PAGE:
Last year I rode La Louis Caput all on my lonesome, ownsome until I joined up with the 150km tail-end Charlies at the feed zone. This was partly my own fault as I had deliberately started right at the back, then stopped for a comfort break (and a hot chocolate), before heading off up the Col de Vence.
This year, it was a good 10km into the ride before the main peloton disappeared from view (progress?) and I was left in the company of six chaps: 3 twosomes. One of whom sucked my wheel all the way to the foot of the Col de Vence. That’s a first. Thereafter, a pattern was established. One by one they would overtake me on the uphill slope and I would swoop past them going downhill.
We all met up again at the half-way point feed zone and exchanged a few words of encouragement. It’s at this point that our paths crossed with those doing the 150km course. This year, I was pleased to note that the better riders were still passing through. One of the twosomes set off first and I tucked in behind a larger group, hoping to get some shelter from the cold headwind we’d faced for most of the ride, but they left me trailing in their wake. C’est la vie!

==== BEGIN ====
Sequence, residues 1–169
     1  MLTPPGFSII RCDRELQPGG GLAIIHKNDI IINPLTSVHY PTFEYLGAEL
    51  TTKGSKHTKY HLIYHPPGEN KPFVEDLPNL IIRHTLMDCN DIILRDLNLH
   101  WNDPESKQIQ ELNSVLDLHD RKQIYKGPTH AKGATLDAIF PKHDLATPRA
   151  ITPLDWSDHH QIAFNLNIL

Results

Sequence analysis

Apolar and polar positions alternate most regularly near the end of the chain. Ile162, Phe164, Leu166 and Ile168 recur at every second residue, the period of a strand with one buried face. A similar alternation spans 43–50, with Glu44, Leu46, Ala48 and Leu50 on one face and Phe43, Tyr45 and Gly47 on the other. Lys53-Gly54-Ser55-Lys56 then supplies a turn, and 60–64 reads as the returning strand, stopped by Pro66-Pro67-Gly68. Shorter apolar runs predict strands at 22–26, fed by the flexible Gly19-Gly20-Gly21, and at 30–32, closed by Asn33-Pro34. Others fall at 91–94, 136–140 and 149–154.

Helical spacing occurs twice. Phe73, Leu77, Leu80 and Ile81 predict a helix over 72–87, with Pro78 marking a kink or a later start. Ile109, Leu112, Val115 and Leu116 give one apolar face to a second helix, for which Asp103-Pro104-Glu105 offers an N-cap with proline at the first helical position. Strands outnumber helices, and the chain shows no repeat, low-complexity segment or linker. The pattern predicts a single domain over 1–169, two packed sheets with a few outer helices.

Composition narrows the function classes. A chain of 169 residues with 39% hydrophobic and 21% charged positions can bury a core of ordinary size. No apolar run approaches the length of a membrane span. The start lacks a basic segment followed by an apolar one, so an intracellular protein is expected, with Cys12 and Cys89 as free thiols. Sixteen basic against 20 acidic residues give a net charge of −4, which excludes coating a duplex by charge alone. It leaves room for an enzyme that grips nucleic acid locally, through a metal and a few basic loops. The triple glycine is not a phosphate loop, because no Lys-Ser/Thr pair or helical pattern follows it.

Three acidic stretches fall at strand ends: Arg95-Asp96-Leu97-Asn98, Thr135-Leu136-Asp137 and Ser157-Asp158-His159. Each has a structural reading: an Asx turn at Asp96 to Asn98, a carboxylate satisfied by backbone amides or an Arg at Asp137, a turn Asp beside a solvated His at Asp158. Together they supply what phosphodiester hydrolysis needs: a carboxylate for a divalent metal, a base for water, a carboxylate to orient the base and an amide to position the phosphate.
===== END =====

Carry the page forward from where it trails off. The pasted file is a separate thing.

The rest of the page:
My blood chilled as an emergency vehicle sped past me, lights flashing. Had someone had an accident? I was on a fairly benign stretch of road heading towards the final descent to the finish. As I reached the crossroads with 40km to go I met one of the motor bike outriders who told me the emergency services were dealing with a cyclist who had suffered a fatal cardiac arrest and the road was now closed.
As there was nothing I could do to assist, I rode off along the diverted route. To be honest I don’t really remember much about those final kms. I kept thinking about the dead chap’s wife, sitting at home waiting for her husband to come back from his latest sportif and bore her silly with tales of his derring do. Now, he was never going to do that again.
It turned out that I had ridden with the deceased, he’d been part of one of my twosomes.